I have learned a great deal since I started working for the AICPA‘s magazine and newsletters group about four months ago. We publish the Journal of Accountancy, The Tax Adviser, CGMA magazine and newsletters for certified public accountants. I no longer stumble over acronyms and abbreviations such as GAAP (generally accepted accounting principles) and FMV (fair market value), and I have an inkling of how our nation’s tax policy reflects our cherished capitalism. But the most important lesson I have learned is that a conscientious, well-trained copy editor who has worked for daily newspapers for more than 30 years can find fulfillment and challenge in another type of publishing.
For years, I worried that my skills weren’t portable or that people in other types of publishing would not see how my knowledge and skills would fit in their organizations. I was wrong, and anyone who thinks that a good newspaper copy editor can’t be a good specialty copy editor is wrong.
I didn’t know a lot about accounting when I started, but I am learning every day. But what I know or will know about accounting isn’t as important as what I know about usage and grammar and what I practice about consistency and fact-checking. I don’t have to grasp the deep ins and outs of tax accounting to see a subject-verb agreement problem. I don’t have to have a background in accounting to know that I should check a quote from a Supreme Court decision or raise a question about a word chosen to characterize that decision. I know that when an article says a man has been a CPA for 22 years I should check to be sure that’s true. (Turns out, it was 32 years.) I don’t need an accounting degree or even an IT background to try out something in Microsoft Excel to see whether it works the way an article I am reading says it will.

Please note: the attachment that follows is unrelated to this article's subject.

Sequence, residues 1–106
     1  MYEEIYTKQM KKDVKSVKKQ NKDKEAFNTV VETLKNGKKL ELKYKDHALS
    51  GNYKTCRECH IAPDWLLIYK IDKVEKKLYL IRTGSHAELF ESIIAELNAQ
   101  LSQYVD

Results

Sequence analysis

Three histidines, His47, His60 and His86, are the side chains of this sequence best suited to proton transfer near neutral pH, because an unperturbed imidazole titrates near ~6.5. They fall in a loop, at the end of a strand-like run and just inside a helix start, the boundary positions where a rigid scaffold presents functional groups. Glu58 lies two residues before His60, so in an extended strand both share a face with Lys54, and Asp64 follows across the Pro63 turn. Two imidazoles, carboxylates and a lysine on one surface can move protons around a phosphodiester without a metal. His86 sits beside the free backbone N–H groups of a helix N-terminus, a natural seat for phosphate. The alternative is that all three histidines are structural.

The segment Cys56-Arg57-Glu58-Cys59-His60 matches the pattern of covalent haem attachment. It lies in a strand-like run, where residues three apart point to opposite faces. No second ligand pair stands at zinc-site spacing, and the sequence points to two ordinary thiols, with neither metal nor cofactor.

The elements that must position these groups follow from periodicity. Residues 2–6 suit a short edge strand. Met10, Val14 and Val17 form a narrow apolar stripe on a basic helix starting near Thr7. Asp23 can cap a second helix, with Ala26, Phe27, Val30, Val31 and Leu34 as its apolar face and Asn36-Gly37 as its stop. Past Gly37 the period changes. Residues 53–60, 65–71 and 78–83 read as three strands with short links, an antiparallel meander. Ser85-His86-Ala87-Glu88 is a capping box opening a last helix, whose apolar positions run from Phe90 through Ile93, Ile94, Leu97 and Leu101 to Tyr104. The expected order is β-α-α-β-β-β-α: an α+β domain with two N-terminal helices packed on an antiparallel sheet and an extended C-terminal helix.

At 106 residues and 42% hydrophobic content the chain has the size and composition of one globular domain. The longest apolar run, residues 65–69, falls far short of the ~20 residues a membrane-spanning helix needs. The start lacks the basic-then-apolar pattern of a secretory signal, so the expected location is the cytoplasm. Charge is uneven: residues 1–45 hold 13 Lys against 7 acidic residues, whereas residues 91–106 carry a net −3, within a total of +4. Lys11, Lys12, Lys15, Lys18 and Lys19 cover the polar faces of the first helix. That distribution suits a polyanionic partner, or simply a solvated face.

Resources exist on the marvelous World Wide Web for all of us to check and learn more about whatever we are reading. The senior editors I work with — several of whom are true experts — are available to explain something to me if I need. My supervising editor is himself a wealth of information on style and policy. We read proofs and have many chances to find problems and fix them.
I am most fortunate that I have the time to do this kind of copy editing, something that is harder to do in daily newspapers now with fewer people, more work and less time. I am grateful every day that I am paid to practice my skills and am rewarded for my work ethic.
Many of my former newspaper colleagues could make an important contribution to any publication — print or online. For many ACES members or other copy editors, this is old news. You have been out earning a living and adding value to academic papers, business communication, books and other published work for years. You also have embraced change and acquired knowledge that makes you even more valuable. You found ways to market your professional skills and keep at it.
We need to spread the word: A good copy editor is worth hiring, no matter where he or she learned the craft.